Having the trust of the fans has also been creatively liberating. Not only is Crisis of Faith one of Billy Talent's most lyrically scathing records, it's also their most musically diverse effort since they were first figuring out a sound under the name Pezz in the '90s. By now, the band's musical identity is so firmly established and instantly recognizable that they can go exploring in all sorts of directions without losing their way. Crisis of Faith feels like a rock 'n' roll journey through the ages: there are elements of '70s soft rock, '80s punk, '90s indie rock and modern alt-rock. If you want, you can draw comparisons to Rush on "Forgiveness I + II," Black Flag on "Judged," Fleetwood Mac on "For You," Journey on "One Less Problem," and Weezer on "End of Me" (and not only because Weezer's Rivers Cuomo sings on the track). But they always sound undeniably like Billy Talent.
With pandemic restrictions forcing them to pause most of their plans, the band — rounded out by longtime bassist Jon Gallant and permanent fill-in drummer Jordan Hastings of Alexisonfire — spent a year and a half going over these songs, making revisions, adding layers, working on the lyrics, coming up with new ideas. It was the longest they had ever spent on a record.
Guitarist Ian D'Sa served as producer for a third time, following his work on Afraid of Heights and 2012's Dead Silence. "I've definitely settled into a groove," he says. "I have more of a process than I did on Dead Silence. This record felt comfortable to make, and I felt confident going in and trying out new things."
There are quite a few new things. "End of Me" is the first Billy Talent song to feature a guest vocalist. "The Wolf" features an eight-piece string orchestra that was recorded in Nashville, conducted by David Campbell in Los Angeles, and remotely monitored by D'Sa and engineer Eric Ratz in Toronto. "Forgiveness I + II" is easily the band's most ambitious undertaking: a two-part, nearly seven-minute prog rock epic that combines D'Sa's big, punchy rock riffs with a mystical soundscape shaped by synths, brass and a sax solo. Just as daring as the song itself is the decision to make it the album's opener. "I don't think we would have ever done something like that before," D'Sa says. "But it works. It just felt right."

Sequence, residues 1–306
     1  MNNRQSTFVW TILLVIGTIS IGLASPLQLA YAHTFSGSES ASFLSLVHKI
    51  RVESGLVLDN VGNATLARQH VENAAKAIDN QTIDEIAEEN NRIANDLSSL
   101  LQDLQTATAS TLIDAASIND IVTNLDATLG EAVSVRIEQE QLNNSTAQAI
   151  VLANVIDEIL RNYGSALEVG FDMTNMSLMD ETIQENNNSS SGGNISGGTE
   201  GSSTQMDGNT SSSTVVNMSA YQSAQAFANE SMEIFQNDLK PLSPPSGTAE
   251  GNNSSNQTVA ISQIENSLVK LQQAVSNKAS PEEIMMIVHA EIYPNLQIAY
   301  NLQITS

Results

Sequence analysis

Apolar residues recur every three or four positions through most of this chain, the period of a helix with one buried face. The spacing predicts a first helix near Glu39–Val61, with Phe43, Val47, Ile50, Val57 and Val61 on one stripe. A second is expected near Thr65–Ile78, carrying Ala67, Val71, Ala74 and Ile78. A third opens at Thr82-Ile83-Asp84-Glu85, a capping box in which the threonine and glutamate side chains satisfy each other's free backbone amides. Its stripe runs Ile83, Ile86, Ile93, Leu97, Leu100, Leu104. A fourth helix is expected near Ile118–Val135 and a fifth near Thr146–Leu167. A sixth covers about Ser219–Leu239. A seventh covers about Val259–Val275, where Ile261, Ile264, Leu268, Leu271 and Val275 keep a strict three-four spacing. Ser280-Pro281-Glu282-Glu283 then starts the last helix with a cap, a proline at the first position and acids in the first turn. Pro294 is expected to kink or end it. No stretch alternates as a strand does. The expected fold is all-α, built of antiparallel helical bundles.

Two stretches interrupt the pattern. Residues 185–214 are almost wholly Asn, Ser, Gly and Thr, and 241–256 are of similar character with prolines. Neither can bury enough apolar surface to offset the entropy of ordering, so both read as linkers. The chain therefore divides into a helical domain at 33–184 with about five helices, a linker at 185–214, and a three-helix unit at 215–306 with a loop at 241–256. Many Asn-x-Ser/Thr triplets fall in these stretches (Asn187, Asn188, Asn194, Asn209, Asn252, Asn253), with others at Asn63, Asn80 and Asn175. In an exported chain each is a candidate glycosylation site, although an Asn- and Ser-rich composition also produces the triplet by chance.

Now, almost three years after starting to work on Crisis of Faith and six years after releasing Afraid of Heights, the band look back at the lengthy road to this long-awaited release with humour and acceptance. When they talk about their bad luck over the past couple of years — a delayed album, cancelled shows, a temporarily abandoned video project — it tends to be with aw-shucks modesty and a self-effacing chuckle.
"We hoped that we would put the record out at the beginning of a new year, a new chapter," says Kowalewicz. "'This [pandemic] will hopefully be behind us, we'll be able to play shows, the world will rejoice.' Or… it'll be the worst it's ever been. Fuck!" With the album arriving in the midst of Ontario's overwhelming fifth wave of COVID-19, all he can do is laugh it off.
But their demeanour changes when the conversation moves away from themselves and into the real-life consequences of everything that's happening. This is a group of guys who have dedicated their entire lives to making music in a rock band, but who readily admit that, in the grand scheme of things, a rock band is of relatively little consequence.
"When you look at what's going on now with frontline workers, it makes me feel small," says D'Sa. "What I do for a living is tiny compared to what they do."
Meanwhile, significant events in the band members' personal lives have changed the way they look at the world. Kowalewicz became a father. D'Sa lost his mother. They couldn't tour for the better part of two years.
And then there's all that other stuff.
"A lot has happened," says Kowalewicz. "A lot has changed on the planet and for us as individuals. As you grow, and you get some miles behind you, and you overcome certain adversities and struggles … you tend to see things a little bit more compassionately."
That makes its way into a song like "I Beg to Differ," which is effectively a spiritual sequel to first-album single "Nothing to Lose." While that song told a story from the point of view of a teenager feeling depressed and suicidal, this reprise flips the script, taking the perspective of an older, parental figure offering reassurance. That sentiment returns most unmistakably at the very end of the album: "One Less Problem" is bursting with resilience, while "For You" is brimming with love, care and support. Crisis of Faith is about struggle, but it ends in joy.
"We still have a lot of that fire and anger, but it's directed in a more pointed way," Kowalewicz reflects. "I've been trying to be a better friend, a better bandmate, a better husband, a better father. I'm trying to just work on myself to become a better person. If you can do that within your own household, and then within your group of friends, and then within your workplace, and then within your larger community, if you can try to always add to something as opposed to subtracting, then I think you're doing your job."